Ohio born Robert Hatton was a United States Congressman from Tennessee and a brigadier general in the Confederate Army during the American Civil War.
Robert Hatton was born at Steubenville, Ohio on November 2, 1826. He was one of six children of Robert Clopton Hatton, a Methodist Episcopal minister, and Margaret Campbell Hatton. Hatton's family lived in various locations in eastern Ohio and western Pennsylvania before relocating to Nashville, Tennessee in 1835. Hatton attended several schools during his youth. Although he was only eighteen years old, in 1845, Hatton entered Cumberland University in Lebanon, Tennessee as a member of the junior class. Hatton graduated in June 1847.
After graduation, Hatton studied law at Cumberland University. Lacking funds to complete his studies, Hatton left school in 1849 to serve as principal and teacher at Woodland Academy in Sumner County. While performing his duties at Woodland, he continued to study law and passed the bar exam in 1850. Hatton and Colonel Jordan Stokes then opened a successful law practice in Lebanon, Tennessee. Two years later, on December 16, 1852, Hatton married Sophie K. Reilly of Williamson County. The couple settled in Lebanon, which would be Hatton's adoptive hometown for the remainder of his life.
While living in Lebanon, Hatton became an active member of the Whig Party. In 1855, voters elected him to serve in the General Assembly of Tennessee for two years. In 1857, he made an unsuccessful bid for the governorship of Tennessee. As the Whig Party began to dissolve in the South during the 1850s, Hatton changed his party affiliation to the Opposition Party, which was generally opposed to secession and to the extension of slavery into U.S. territories. In 1858, voters elected Hatton to the U.S. House of Representatives. Hatton served in the 36th Congress from March 4, 1859 to March 3, 1861. During his tenure, he was Chairman of the Committee on Naval Affairs.
Although Hatton opposed secession, he cast his lot with his home state of Tennessee when President Abraham Lincoln issued his call for volunteers to put down the rebellion in the South. Hatton returned home and formed the Lebanon Blues, a Confederate military company of approximately one hundred soldiers. While training at Camp Trousdale in Sumner County, the Lebanon Blues were joined with other local units to form the 7th Tennessee Infantry Regiment. On May 27 1861, the men of the 7th elected Hatton as their regimental colonel. Hatton's regiment served under Robert E. Lee during the Confederacy's Operations in western Virginia in the fall of 1861, and the men also served under Stonewall Jackson during the Shenandoah Valley Campaign in the spring of 1862.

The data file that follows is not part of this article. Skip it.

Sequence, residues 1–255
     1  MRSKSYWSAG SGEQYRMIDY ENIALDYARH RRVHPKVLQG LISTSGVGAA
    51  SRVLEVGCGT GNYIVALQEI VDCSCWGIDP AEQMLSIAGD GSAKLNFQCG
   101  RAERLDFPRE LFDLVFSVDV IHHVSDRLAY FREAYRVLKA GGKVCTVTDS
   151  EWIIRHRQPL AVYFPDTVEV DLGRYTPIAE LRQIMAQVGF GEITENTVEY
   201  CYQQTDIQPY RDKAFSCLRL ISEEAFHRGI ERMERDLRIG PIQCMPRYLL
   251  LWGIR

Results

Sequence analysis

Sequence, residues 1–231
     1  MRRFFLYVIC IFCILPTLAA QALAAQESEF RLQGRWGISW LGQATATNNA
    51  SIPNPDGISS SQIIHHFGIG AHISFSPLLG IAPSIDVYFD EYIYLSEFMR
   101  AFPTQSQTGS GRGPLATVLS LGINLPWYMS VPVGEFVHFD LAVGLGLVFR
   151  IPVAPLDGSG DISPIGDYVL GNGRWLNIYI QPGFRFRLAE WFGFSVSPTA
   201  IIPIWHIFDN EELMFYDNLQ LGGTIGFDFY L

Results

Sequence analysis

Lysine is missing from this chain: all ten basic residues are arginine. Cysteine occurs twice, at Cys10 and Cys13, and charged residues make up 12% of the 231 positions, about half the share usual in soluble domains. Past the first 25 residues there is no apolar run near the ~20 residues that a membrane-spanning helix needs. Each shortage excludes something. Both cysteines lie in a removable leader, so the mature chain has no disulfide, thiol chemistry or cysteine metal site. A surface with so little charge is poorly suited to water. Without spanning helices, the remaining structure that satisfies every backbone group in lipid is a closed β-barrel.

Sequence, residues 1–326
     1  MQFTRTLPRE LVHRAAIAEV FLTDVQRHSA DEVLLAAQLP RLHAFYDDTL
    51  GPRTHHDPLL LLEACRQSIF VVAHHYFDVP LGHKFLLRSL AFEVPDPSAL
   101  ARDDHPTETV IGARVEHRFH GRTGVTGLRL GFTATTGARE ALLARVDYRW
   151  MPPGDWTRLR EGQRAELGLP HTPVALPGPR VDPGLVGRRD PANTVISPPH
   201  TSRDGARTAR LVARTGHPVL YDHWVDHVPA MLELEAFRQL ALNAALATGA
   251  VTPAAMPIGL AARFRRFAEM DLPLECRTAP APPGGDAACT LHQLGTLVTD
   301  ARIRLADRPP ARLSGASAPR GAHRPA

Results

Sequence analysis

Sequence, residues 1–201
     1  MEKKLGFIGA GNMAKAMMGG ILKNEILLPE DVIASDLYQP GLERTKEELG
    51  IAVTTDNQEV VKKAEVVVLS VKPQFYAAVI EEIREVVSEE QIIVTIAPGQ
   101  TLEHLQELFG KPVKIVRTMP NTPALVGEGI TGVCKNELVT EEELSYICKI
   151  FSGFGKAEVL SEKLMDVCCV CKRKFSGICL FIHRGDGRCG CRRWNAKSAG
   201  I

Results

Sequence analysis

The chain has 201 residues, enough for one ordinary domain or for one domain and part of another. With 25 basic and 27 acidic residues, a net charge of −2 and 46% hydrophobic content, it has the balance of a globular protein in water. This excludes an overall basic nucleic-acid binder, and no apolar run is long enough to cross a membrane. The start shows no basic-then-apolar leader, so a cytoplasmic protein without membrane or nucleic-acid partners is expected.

When Major General George McClellan launched his Peninsula Campaign into eastern Virginia in March of 1862, Confederate leaders dispatched Hatton's regiment to the Richmond area to help check the Union advance. On May 23, Hatton was promoted to brigadier general, commanding the 5th brigade, 1st division, 1st corps of General Joseph Johnston's Army of Northern Virginia. Eight days later, on May 31, Hatton's brigade was sent into combat during the Battle of Seven Pines, also known as the Battle of Fair Oaks. While leading his troops in an assault against Union soldiers on Nine Mile Road, Hatton's horse was shot from beneath him. Moments later, as Hatton continued to lead the attack on foot, he was felled by a rifle or cannon shot to the head. He died instantly.
Hatton's body was removed from the battlefield and sent west, where it was buried at Knoxville, Tennessee. After the war, his body was disinterred and sent back to Lebanon, where it was reburied at Cedar Grove Cemetery on March 23, 1866. In 1912, the citizens of Lebanon erected a memorial statue of Hatton on the town square.
Hatton was one of six generals in the Confederate Army who were born in Ohio.
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"Robert Hatton," Ohio Civil War Central, 2021, Ohio Civil War Central. 20 Sep 2021 <http://www.ohiocivilwarcentral.com/entry.php?rec=912>
"Robert Hatton." (2021) In Ohio Civil War Central, Retrieved September 20, 2021, from Ohio Civil War Central: http://www.ohiocivilwarcentral.com/entry.php?rec=912